A Troublesome Belief

Hey all, I just started a MG campaign and we’re a few sessions in. I’ve been pretty light on challenging the players’ BIG’s thus far, until they got the hang of things, but I think it’s time to start adding some dramatic punch to the sessions. I’ve come up with potential challenges for most of them, but one player’s belief in particular is giving me trouble.

Belief: “Technology is key to making life better in the territories”

The only way I can think of challenging it would be to introduce a situation where a new, dangerous technology was being misused to the detriment of the territories. That’s hard to do though, because I don’t think many possibilities like that exist with medieval era technology.

I can see potential in this belief, but nothing specific is coming to mind. Any ideas?

Runaway science experiment.
The scent border turns out to be poisonous to mice.

Ooh that’s a good one; I hadn’t even thought about the scent border. You’re right though, chemicals are nasty business. All it would take is a good rain to get the gunk into a nearby town’s water supply, and suddenly we have, what everyone perceives to be, a plague on our hands. Maybe the patrol is then ordered with quarantining one of the afflicted towns, and at the end they discover that the “plague” is actually poisoning from the new scent border mix.

Thanks again, Luke!

The mice of the Territories have all kinds of technological advancements you and I wouldn’t consider as such. They mine copper and iron, husband insects, and keep written records. That’s where the real conflict with technology lies—between mouse nature and everything the mice have done to survive and propagate.

It’s intentionally easier for characters with low Nature scores to learn skills. The conflict I’d want to see is does the player risk his character being removed from play in order to keep to his Belief? Getting this mouse intentionally to push toward Nature 0, however, could be difficult.

Here are some other ideas.
[ul][li]Rebels with access to printing presses are producing anti-Guard propaganda along with maps of Lockhaven for their eventual siege
[li]Mining in Copperwood becomes more dangerous every year as the mice are forced to delve deeper for new sources of ore. Miners are on strike while families of deceased laborers are trying to get them mines closed down
[*]In trying to raise heartier bees that can better survive the winter, apiarists in Lockhaven have bred a strain of temperamental bees that they can’t control.[/ul]

You can also present an easy but non-tech solution and a slightly harder tech-based solution to some problems. IE:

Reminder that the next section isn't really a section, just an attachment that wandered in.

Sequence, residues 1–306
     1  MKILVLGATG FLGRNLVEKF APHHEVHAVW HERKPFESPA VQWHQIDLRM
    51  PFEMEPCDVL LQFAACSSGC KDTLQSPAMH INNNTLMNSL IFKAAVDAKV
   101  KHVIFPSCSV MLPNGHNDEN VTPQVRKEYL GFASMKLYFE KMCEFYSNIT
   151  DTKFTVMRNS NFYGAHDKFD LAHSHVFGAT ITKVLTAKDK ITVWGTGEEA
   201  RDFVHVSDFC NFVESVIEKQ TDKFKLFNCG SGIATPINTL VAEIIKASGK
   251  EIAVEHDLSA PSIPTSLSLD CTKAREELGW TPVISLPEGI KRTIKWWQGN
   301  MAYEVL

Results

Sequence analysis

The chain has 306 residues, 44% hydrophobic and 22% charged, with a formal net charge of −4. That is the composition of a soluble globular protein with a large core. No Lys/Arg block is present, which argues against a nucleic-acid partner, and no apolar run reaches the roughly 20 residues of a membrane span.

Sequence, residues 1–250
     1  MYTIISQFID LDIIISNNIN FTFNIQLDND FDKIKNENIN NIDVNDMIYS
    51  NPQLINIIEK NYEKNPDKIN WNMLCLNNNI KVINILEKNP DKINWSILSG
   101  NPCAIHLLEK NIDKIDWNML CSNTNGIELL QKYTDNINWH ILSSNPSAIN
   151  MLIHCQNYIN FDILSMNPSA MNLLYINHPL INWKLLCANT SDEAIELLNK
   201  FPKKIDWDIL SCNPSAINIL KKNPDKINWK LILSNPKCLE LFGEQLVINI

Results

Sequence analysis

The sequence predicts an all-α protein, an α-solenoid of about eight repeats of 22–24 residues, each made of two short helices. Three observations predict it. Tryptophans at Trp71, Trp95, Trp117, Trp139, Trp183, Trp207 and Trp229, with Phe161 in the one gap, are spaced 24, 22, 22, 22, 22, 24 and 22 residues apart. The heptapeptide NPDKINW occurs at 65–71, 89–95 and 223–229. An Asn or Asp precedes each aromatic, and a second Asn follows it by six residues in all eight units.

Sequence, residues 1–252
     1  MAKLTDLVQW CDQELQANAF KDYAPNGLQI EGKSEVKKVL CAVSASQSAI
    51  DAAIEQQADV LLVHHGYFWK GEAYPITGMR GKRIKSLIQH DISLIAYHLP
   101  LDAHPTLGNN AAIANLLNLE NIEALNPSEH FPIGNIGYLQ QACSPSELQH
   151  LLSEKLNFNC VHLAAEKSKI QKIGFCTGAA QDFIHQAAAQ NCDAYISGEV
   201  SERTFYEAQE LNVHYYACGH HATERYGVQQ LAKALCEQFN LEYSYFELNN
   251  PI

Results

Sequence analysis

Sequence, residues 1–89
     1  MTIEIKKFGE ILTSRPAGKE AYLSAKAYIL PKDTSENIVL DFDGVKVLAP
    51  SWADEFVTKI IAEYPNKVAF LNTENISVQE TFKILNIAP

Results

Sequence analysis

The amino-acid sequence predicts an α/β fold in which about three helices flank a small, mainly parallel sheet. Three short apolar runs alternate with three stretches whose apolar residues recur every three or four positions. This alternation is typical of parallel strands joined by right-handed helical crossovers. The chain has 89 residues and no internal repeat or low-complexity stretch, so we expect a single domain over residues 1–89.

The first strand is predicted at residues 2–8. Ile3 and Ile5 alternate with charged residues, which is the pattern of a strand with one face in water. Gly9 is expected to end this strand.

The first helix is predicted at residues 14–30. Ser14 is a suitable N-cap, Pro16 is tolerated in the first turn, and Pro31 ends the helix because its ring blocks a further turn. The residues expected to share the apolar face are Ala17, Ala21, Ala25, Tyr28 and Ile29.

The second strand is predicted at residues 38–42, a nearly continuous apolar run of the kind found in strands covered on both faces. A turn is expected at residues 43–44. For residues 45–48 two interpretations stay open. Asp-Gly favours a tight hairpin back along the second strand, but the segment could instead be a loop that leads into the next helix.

river is flooding, threatening village
non-tech solution: move villagers (high will in the village, maybe plus a die or two)
Tech solution: move, divert, or dam the river. (Season Ob)

Bird is causing a nuissance, raiding village for mice
Non-tech: scare bird off. Conflict against bird.
Tech: build a device that protects village from bird’s entry. Ob 8 or so science test.

Wanderer: I like the nature idea, I could see that being a long-term background challenge for the player to deal with. I also like all of your more situational ideas. The printing press one is particularly excellent, considering how censorship is an issue even in society today.

Aramis: Another excellent idea for a more subtle, but longer-term way of challenging his belief. I can see this resulting in some good table chatter among the players.

If you’re having trouble challenging a Belief, don’t be subtle. Be obvious to start.

Taking the high-Ob, technological route just might encourage the player to tap Nature in an effort to succeed, although maybe this is being subtle in the way Luke advocated against.

I don’t think Luke was advocating against subtlety, just pointing out that you want to get things rolling with a more obvious challenge.

Still, I really like the combination of ideas that Wanderer and Aramis came up with. It continually challenges the player to risk his mouse’s nature in order to fulfill his belief.

I deleted that comment because I felt I was parroting, not adding anything to the discussion.

Luke is wise, William also. Go big and then ride that momentum.

Daniel and Mr Hostman are masters of the art. I’m not negating their advice in anyway. I am, however, advising you to confront the player with a big, obvious challenge to his Belief right away. It’s like snapping your fingers to see if someone is napping.

If he’s paying attention, then he’ll jump right in. If he’s napping, then all that subtlety is going to be lost on him.